Netflix have released the first half of episodes in a six-part series following the Italian giants during the 2017-18 season. WARNING: CONTAINS SPOILERS
“Juventus uses it’s past to define it’s future.”
Football club documentaries haven’t exactly been successful in the past. Just look at 2012’s Being: Liverpool.
However, Netflix’s new documentary “Juventus: First Team” is a beautiful insight into Italy’s most prestigious football club. After watching the first three episodes (the rest will be released in the summer), you’ll find yourself understanding the club’s philosophies and ethos. It’s a real eye-opener that is stunning to look at and easy to absorb.
Focusing on the first half of the season, episode one introduces the team and their recent achievements – six successive Scudetti and three consecutive Coppa Italia’s. However, these honours are overshadowed by failures in the Champions League, with two final defeats in the last three years. The club’s aims are simple: more silverware.
We learn during the pre-season how the culture of the club centres around it’s fans. The players see their supporters as family members- making it a tight bond between the two. Six straight wins to start the campaign makes the opening 40 minutes a rather upbeat viewing.
But the show isn’t shackled by Juventus wanting to portray themselves positively, as we see in episode two. The documentary also delves into the struggles and setbacks the club and the players faced whether that be form, pressure or injuries.
Gigi Buffon features heavily in this, which is no surprise given his legendary status at the club and the fact he is nearing the end of his career. Retirement is a question brought up almost every time he is on screen, and it’s interesting to watch as he and others throughout Italy discuss when he should call it a day and what he plans to do next.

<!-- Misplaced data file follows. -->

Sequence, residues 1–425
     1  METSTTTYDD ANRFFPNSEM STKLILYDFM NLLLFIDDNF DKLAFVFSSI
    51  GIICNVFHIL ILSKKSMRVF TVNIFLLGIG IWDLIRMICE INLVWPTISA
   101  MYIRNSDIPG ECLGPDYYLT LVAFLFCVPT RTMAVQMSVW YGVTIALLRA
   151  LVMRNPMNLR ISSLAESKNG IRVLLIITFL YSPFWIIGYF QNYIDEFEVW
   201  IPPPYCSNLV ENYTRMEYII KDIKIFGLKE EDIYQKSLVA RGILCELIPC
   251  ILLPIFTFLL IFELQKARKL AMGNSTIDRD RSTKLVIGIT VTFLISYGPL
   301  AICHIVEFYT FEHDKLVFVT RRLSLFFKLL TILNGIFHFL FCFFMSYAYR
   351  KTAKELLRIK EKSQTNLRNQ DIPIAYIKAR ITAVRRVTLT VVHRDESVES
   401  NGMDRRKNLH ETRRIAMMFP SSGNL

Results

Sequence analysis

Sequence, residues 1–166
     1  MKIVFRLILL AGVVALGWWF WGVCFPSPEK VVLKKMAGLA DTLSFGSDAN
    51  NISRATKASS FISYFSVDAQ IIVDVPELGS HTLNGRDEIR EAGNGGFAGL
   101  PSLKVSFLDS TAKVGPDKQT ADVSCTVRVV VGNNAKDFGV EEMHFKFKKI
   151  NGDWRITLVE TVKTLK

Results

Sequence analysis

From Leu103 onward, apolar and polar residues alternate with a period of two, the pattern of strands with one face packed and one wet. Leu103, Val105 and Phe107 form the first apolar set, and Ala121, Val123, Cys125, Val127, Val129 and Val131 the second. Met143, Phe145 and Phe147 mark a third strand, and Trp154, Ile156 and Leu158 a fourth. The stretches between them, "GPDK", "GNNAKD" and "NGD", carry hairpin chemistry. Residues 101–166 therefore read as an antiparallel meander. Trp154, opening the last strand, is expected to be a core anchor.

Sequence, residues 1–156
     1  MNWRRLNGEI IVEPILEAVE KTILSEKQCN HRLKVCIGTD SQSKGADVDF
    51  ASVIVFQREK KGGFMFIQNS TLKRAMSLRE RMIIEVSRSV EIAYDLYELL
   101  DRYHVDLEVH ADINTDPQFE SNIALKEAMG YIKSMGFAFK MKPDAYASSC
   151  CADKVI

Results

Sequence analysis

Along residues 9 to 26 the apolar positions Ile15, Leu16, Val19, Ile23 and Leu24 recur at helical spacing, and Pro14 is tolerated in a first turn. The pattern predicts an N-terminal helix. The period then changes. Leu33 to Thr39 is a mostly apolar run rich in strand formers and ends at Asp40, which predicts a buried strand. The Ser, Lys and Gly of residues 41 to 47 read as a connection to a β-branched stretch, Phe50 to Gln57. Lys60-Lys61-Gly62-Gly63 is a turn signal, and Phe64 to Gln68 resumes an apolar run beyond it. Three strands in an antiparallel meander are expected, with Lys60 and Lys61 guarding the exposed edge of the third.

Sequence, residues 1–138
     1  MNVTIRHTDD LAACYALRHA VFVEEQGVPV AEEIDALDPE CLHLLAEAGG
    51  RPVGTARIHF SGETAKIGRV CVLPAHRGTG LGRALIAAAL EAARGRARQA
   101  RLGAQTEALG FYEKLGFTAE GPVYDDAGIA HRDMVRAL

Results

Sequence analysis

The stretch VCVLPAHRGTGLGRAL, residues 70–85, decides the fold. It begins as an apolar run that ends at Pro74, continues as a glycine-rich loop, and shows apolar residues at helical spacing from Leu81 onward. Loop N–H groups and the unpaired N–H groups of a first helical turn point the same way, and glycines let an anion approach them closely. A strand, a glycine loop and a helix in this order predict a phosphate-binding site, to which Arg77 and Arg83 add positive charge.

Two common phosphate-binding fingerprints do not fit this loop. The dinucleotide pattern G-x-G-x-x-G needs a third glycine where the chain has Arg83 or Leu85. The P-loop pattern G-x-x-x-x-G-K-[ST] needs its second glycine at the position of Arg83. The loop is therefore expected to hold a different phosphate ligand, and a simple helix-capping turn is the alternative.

The documentary also sometimes shifts away from Juventus and onto other subjects- such as Italy’s failure to qualify for the World Cup finals in Russia this summer. Much of the side that lost to Sweden in November’s play-off play for Juve, so seeing them in the aftermath was a nice change of direction, and didn’t feel like an unnecessary distraction away from the main focus point.
We are treated to beautiful cinematography of Turin and the Allianz Stadium, making the city look as bright and vibrant as ever. The football pitch looks like a sea of emerald gemstones and really stands out on the screen.
There is a fine balance on and off the field, with unprecedented access to Massimiliano Allegri’s training sessions in Vinovo, the stadium facilities and player’s homes.
We learn a lot about Allegri and his management style. The Italian is very psychological and is constantly talking about mentality. During his training drills, he is always reminding the players to be focused and to think like the opposition, which we see quite evidentially as they prepare for a defining match against Napoli.
Current and past players such as Claudio Marchisio, Gonzalo Higuain, Alessandro Del Piero and Pavel Nedved provide us with powerful and insightful interviews that help not only portray Juventus Football Club, but also the joys and struggles of being a professional footballer.
The series isn’t perfect though, and there are scenes that do seem to have been put in for commercial reasons and to fill time. Obviously it’s interesting to see the players doing what they are obligated to do in their contracts, but these segments just seemed to have been put in for the sake of it and without any real meaning.
This is not a history lesson either. After the opening five minutes the focus is very much the present. If you were hoping to find out more about Juventus’ past, then this won’t be where to find it.
The one issue that was frequent throughout is the subtitles. They have a tendency to jump around the screen, whilst introductions of interviewees come in mid-way through a sentence, making it difficult to read and understand at times.
Above all though what helps makes this series tick over is the fact that it hasn’t been plain sailing for Juventus this season, making the narrative much more tense than it could have been had the show been constructed two or three years ago.
If you are a football fanatic that’s fascinated by the day to day life at a famous football club, than this is the show for you. It may even be one that defines the future making of football documentaries.